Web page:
- The Washington Times - Thursday, May 20, 2004

NEW YORK — The NHL and NBC yesterday announced a groundbreaking, two-year broadcast deal in which pro hockey stays on major network TV but with no upfront rights fee.

Several hours later, the other part of the league’s national TV distribution fell into place when ESPN announced a long-expected extension to its deal that began in 1999. Its sharply reduced new contract will pay the NHL about $60million a year, move all regular season games to ESPN2 and eliminate ABC from coverage.

In lieu of an upfront fee, the league and NBC will share advertising revenues after production costs. Such an arrangement is becoming increasingly common among lesser entities, most notably the Arena Football League. But the new deal marks the first time the concept has reached one of America’s primary team sports leagues.

The NBC and ESPN deals replace a five-year, $600million contract with ESPN and ABC. ESPN’s new deal is for the 2004-05 season, with options for the next two seasons.

The NBC pact, which gives the peacock network an option for a third and fourth season, also stands as the latest example of its mantra to avoid paying massive rights fees for team sports after losing hundreds of millions on the NFL and NBA during the 1990s.

“The world has simply changed,” said Dick Ebersol, NBC Sports chairman. “The money for rights fees is all on the cable side now, since they have [subscription] fees on top of advertising. Nobody dragged NBC into fiscal sanity kicking and screaming. This is simply good, sound business.”

NBC previously aired the NHL in 1966 and from 1972 to 1975 and All-Star Games from 1991 to 1994. The new schedule calls for seven regular season games, six playoff contests and Games 3-7 of the Stanley Cup Finals.

On a surface level, the lack of upfront money represents by far the best deal the struggling league could get. Average ratings for the NHL, while improved this season among several key demographic groups, remain a small fraction of those for the NFL, NBA or Major League Baseball. Labor uncertainty also threatens to wipe out all of next season, making broadcast networks reluctant to make any commitment to the NHL.

But NHL commissioner Gary Bettman predictably championed the deal yesterday, saying economic upside has been preserved. The league also gains a steady Saturday afternoon time slot.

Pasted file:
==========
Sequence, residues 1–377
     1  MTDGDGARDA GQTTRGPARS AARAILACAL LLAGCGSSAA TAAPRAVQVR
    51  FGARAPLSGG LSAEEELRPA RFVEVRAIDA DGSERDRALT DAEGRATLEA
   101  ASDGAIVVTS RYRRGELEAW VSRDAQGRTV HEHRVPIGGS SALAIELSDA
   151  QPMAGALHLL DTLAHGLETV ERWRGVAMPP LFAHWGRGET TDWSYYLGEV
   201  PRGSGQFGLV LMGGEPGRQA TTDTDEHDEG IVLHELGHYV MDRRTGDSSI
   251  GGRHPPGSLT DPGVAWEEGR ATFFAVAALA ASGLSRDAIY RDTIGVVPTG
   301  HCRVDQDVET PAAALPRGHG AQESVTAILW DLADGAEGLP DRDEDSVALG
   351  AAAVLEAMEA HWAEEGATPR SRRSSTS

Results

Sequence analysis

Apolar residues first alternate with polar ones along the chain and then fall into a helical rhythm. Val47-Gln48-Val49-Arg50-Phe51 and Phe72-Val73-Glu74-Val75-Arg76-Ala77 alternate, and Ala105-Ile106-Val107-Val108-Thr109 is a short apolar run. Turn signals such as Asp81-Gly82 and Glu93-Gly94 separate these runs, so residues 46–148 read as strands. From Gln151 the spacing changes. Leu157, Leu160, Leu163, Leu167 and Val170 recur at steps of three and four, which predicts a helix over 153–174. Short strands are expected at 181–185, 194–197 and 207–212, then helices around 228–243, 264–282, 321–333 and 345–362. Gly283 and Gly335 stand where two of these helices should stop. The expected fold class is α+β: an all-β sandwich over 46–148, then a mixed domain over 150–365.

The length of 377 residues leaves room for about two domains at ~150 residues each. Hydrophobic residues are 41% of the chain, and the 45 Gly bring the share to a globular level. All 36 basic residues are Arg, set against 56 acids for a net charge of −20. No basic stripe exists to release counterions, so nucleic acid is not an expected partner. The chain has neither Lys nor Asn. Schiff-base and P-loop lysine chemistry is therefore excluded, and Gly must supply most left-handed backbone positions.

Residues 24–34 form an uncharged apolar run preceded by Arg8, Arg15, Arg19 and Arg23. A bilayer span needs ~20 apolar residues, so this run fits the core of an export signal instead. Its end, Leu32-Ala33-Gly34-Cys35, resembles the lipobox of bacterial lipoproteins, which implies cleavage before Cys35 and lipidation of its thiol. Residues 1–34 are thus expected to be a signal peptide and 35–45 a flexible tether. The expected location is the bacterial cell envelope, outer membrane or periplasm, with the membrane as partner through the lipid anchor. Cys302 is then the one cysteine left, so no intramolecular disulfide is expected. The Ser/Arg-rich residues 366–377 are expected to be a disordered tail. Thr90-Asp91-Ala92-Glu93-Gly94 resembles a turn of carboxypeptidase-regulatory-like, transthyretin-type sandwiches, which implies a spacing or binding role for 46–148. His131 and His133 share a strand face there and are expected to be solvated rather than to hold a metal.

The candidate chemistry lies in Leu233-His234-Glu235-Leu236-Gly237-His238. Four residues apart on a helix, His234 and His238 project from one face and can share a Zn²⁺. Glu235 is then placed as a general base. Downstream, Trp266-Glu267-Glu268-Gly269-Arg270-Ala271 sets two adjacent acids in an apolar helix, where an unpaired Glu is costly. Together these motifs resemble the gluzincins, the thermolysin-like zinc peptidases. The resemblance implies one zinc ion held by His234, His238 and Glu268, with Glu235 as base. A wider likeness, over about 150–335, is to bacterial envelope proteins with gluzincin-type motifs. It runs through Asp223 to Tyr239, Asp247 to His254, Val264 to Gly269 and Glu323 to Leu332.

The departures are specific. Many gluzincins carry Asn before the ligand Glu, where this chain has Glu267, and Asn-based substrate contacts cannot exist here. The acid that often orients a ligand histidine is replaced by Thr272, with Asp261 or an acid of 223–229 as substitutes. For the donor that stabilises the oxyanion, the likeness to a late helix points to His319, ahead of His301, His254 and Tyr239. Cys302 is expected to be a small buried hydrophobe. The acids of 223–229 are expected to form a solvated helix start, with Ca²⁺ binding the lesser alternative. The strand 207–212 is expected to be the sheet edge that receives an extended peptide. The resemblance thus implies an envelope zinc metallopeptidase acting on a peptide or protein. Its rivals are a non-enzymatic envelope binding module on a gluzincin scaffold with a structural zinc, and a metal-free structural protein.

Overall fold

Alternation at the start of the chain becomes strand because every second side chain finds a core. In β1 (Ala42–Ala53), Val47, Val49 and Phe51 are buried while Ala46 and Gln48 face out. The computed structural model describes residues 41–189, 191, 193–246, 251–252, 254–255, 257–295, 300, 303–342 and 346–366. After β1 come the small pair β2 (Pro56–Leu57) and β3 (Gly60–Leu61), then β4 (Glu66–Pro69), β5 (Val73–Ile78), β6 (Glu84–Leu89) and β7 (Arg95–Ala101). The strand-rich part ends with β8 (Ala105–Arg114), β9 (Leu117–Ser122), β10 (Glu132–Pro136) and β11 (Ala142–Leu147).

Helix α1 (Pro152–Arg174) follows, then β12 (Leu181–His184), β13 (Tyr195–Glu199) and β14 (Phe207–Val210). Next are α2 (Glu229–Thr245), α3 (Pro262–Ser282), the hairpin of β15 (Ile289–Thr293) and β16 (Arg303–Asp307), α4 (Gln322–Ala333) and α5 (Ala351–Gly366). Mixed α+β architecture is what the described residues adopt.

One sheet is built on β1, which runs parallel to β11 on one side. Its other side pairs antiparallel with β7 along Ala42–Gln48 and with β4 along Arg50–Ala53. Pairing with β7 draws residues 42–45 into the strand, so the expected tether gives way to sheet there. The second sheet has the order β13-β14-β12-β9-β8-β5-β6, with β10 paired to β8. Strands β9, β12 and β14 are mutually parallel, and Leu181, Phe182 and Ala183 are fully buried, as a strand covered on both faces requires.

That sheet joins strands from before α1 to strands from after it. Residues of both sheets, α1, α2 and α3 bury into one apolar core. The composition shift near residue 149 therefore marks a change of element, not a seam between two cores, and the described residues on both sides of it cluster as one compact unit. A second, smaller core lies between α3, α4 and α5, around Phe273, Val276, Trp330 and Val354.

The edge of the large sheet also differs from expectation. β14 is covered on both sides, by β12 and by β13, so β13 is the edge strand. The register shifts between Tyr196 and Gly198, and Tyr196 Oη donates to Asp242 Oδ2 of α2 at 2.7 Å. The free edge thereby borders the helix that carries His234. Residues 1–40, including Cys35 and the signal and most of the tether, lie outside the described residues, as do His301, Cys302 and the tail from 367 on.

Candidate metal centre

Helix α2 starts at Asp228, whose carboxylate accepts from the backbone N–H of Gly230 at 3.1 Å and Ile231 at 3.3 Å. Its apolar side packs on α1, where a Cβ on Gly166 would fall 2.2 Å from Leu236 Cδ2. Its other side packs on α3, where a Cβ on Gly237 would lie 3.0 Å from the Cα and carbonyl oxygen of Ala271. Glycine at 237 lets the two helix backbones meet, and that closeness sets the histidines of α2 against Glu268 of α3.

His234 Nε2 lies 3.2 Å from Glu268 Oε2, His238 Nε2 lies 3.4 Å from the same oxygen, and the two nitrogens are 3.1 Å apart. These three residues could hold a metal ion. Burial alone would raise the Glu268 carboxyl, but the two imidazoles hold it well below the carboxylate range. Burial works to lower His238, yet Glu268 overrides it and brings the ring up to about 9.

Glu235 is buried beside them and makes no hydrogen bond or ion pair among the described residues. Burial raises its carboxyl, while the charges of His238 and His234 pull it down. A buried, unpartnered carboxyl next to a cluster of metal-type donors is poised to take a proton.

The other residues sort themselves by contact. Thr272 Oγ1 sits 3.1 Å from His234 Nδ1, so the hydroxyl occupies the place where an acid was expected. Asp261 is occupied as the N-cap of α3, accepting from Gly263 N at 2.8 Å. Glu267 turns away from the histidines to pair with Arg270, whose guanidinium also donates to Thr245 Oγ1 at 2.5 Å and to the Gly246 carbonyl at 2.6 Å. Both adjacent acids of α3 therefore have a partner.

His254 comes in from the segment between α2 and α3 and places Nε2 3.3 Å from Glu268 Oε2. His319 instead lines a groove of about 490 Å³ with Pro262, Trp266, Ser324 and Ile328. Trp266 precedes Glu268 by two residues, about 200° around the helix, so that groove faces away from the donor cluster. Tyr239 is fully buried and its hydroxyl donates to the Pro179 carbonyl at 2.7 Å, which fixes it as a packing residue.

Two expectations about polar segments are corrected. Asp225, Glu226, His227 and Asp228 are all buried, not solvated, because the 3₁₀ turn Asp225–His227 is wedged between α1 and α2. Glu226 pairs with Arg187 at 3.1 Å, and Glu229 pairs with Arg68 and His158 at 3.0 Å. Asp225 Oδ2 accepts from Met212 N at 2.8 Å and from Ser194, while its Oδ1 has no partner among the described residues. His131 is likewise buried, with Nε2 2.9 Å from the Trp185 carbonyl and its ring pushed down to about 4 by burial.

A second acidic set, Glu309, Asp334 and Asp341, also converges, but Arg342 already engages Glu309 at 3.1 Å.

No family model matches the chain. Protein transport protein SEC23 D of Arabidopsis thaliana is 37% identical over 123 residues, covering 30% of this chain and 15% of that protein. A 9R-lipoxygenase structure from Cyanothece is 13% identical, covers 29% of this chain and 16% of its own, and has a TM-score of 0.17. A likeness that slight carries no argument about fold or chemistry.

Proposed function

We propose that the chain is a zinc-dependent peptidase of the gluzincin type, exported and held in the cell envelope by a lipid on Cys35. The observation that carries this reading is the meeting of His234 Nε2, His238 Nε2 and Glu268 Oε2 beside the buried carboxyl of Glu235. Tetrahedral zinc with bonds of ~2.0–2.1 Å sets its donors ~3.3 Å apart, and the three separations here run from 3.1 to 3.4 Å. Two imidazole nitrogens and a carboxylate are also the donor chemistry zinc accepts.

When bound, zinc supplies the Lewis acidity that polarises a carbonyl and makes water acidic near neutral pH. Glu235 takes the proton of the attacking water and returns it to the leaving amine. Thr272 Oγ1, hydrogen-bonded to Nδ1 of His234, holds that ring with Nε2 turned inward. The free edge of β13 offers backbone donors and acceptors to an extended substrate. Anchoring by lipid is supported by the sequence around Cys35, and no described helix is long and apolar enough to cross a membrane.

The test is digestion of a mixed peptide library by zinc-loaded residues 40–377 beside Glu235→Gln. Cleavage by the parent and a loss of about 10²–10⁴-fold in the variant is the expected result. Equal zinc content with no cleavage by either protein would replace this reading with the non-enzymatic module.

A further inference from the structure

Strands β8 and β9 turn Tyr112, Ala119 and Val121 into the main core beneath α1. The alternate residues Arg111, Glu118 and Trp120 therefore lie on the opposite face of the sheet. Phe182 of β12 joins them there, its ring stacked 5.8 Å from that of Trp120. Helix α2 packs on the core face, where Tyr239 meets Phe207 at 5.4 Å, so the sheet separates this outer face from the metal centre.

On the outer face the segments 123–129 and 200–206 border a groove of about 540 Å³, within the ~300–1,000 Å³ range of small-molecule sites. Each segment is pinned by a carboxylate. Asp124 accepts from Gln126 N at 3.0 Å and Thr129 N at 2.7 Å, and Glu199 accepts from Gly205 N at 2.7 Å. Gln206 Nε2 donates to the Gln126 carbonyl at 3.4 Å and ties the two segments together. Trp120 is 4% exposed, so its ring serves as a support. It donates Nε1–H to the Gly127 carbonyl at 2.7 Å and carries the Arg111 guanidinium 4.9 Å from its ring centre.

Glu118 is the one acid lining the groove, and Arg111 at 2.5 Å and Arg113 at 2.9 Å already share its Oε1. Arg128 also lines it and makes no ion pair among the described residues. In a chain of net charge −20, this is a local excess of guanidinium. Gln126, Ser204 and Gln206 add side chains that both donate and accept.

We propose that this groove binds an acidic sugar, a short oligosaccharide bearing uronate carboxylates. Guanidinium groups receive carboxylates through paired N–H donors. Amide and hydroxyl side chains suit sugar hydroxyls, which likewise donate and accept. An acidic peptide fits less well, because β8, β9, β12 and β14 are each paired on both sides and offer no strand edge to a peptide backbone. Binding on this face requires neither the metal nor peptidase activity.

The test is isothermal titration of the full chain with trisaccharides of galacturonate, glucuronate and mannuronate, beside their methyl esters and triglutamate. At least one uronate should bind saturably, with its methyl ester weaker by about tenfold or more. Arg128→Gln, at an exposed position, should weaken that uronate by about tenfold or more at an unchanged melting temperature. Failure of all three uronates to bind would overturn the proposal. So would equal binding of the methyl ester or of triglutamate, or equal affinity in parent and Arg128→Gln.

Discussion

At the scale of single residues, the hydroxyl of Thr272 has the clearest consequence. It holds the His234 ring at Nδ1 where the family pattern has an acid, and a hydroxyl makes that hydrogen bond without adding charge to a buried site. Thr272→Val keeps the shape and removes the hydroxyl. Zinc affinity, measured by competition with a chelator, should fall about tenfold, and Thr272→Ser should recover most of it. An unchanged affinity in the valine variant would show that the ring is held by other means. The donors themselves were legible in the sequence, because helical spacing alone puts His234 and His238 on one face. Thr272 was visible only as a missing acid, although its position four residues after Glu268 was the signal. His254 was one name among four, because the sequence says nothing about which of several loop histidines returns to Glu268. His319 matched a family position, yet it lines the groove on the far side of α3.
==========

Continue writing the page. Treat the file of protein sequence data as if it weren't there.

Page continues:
“Given our uncertainty, I’m proud that [NBC] chose to step up with us now,” Bettman said. “We believe NBC has been given appropriate incentive to make this work for everybody, and if this does work as we hope, we will be more than fairly compensated.”

Industry sources said it will be difficult, if not impossible, for the new ESPN/NBC TV distribution to yield the $120million a year the NHL currently gets from national TV in the U.S. But Ebersol also pledged a far greater level of promotion for the NHL than what the league currently receives from ABC.

“ABC’s role in this deal now about to expire was really an afterthought,” Ebersol said. “It really was an ESPN deal. ESPN cut the checks, and they bought the time to get certain games on ABC. We will be out promoting the NHL.”

If games are wiped out next season due to an owners’ lockout, the contract will roll over and begin when play resumes.

“There’s a lot of talk, predictably, about the lack of a rights fee. But this is a good deal, for both the NHL and NBC,” said Neal Pilson, former president of CBS Sports. Now an industry consultant, Pilson helped broker the Arena Football-NBC deal that served as a template for the NHL pact.

“Given the marketplace right now, the ratings [hockey generates] and the network exposure the NHL needs, this is really a solid deal,” Pilson said. “But what it does is end any further hope for a massive influx of new revenue for the league. This is basically it. This is the television package. They’re not building any more seats, and there’s not a lot of upward movement to ticket prices.”

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